Written by Mike Graham, product manager for CHAUVET Professional
…And there was video, and it was good…
CHAUVET has entered the video panel world with our release at InfoComm in Orlando this year. MVP Series of modular video panels has already started to buzz right out of the gate. (Honestly, we could not be any happier with the immediate response that we have gotten.) This month I thought I would break down some of the video jargon you will start to see in our literature as well as hear by our sales team.
MVP installation and operation is actually easy
Before we get into the video person to lighting person translation guide let me first say that MVP installation and operation is not scary at all. We have taken our time and have made sure to make this as easy as possible. If you ask the crew we worked with at InfoComm, they would pick the MVP panels over lights any day of the week and twice on Sunday. Also, they would rather hang them. This is because they are lightweight, the rigging hardware is easy to use and all of the cabling is done with Neutrik powerCON and etherCON connectors. How simple is that? No strange proprietary connections that you can’t find on the road, just easy to use connectors that are available at any boxed goods store in our fine industry.
So, let’s say you are new to the wonderful world of video and you want to sound like you know what you are talking about. There are four words and phrases that will go miles into making sure that you get the information you need, that will let the salesperson know that you mean business:
1. SMD LED – Surface mount diode LEDs are used in the manufacture of the MVP panels. We use these because they are much smaller in size than other LED styles and take much less power to operate. They also have a very wide viewing angle and are very stable in their construction.
2. Pixel pitch – Pixel pitch refers to the distance between LEDs. It is measured in millimeters. We measure from the edge of the LED because SMD LEDs come in several different sizes. If we measured from the center, it would be a mathematical mess. You might end up with two 18 mm pitch panels with completely different amounts of LEDs.
3. Viewing Angle – Viewing angle is the area of which the panels can be seen from. This is really important to know when you are setting up your show and you want to make sure that the people sitting in the 400 section can not only see that there are video panels, but see what is on them. The MVP panels have a 140-degree viewing angle.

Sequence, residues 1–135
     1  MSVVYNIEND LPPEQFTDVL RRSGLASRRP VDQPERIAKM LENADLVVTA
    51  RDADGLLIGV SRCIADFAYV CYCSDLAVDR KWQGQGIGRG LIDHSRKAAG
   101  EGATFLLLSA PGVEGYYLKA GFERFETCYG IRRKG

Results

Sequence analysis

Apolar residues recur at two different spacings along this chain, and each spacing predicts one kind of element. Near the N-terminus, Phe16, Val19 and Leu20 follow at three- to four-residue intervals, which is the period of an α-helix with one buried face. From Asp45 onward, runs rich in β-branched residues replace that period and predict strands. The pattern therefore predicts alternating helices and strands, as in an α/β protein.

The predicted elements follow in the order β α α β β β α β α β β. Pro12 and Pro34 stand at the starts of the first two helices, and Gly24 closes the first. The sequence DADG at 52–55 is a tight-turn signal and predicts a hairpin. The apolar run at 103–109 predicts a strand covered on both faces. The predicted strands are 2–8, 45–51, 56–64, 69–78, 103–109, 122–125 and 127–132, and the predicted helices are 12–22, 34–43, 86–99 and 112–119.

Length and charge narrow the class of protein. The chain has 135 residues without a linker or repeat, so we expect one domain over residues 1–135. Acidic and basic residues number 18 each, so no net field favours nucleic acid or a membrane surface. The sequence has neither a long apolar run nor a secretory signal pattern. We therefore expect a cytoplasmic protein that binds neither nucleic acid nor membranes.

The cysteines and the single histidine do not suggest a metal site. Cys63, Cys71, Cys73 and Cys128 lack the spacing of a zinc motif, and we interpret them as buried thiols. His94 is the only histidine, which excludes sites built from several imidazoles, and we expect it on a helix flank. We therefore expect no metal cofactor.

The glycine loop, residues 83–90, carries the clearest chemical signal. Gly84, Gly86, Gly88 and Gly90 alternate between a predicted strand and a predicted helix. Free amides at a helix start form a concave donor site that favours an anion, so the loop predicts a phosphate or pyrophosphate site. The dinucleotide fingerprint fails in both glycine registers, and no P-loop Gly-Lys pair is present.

4. NIT – NIT is a measurement to video people as LUX is for lighting people. It is defined as follows: the candela per square meter (cd/m2) is the SI unit (International System of Units) of luminance; nit is a deprecated non-SI name also used for this unit (1 nit = 1 cd/m2). The unit is based on the candela, the SI unit of luminous intensity; and the square metre, the SI unit of area. Nit measurement is done at the manufacturing plant and is not something that you can take your handy light meter out and measure. The higher the nit, the higher the maximum brightness of that source is.
Getting signal to the panels is easy
Another concern about the MVP system is how to get signal to the panels. Contrary to popular belief, there is no magic wand needed. We implement software that has been created specifically for CHAUVET to manage the signal distribution to the panels. In a basic setup, we send signal from the PC over USB to the MVP Signal Processor and then to the panels. (We will address advanced system setups in future tech tips. Stay tuned!) Once we have all of our wiring done, we configure the software and tell it where the panels are and what kind of layout we have. So for example, if I have six panels wide and five panels high, I create a grid in the hardware setup section of the software that has six panels wide by five panels wide. I then make sure that the software knows what kind of panels are out there, and then I send the configuration file to the panels. In a nutshell, it is as easy as that. All of the settings are done using one software program. There is even a playback section built into the software that is easily accessible and easy to use.
CHAUVET will be requiring customers come to our worldwide headquarters to attend training on this system prior to using it. We want to make sure we can provide all the tools necessary to you so when you get back to your shop, installation, or wherever you intend to use the MVP system, you have a good handle on it.